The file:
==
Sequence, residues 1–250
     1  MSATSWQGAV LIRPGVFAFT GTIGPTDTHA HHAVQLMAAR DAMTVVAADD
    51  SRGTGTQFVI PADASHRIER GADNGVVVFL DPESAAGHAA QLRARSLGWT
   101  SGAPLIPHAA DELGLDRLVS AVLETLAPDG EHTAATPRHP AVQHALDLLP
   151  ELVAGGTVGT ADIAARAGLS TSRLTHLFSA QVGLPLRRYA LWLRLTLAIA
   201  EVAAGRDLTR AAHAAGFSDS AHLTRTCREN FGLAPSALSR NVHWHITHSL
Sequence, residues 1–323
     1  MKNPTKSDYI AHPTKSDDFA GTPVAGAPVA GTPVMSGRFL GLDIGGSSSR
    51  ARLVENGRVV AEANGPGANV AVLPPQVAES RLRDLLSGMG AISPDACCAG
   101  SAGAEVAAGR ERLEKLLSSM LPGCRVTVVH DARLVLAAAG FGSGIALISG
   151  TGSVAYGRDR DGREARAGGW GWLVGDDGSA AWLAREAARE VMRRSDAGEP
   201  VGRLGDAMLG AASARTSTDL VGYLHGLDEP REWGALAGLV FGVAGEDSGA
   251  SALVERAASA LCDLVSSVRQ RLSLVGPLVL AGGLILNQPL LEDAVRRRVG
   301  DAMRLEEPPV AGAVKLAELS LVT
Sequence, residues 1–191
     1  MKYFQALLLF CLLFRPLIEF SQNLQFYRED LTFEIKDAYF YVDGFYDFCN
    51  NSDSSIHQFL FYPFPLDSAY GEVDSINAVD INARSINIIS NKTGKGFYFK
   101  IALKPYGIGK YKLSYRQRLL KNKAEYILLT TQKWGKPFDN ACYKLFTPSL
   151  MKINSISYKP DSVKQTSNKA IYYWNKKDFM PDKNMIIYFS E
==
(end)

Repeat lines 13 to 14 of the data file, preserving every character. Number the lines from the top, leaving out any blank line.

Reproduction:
   251  SALVERAASA LCDLVSSVRQ RLSLVGPLVL AGGLILNQPL LEDAVRRRVG
   301  DAMRLEEPPV AGAVKLAELS LVT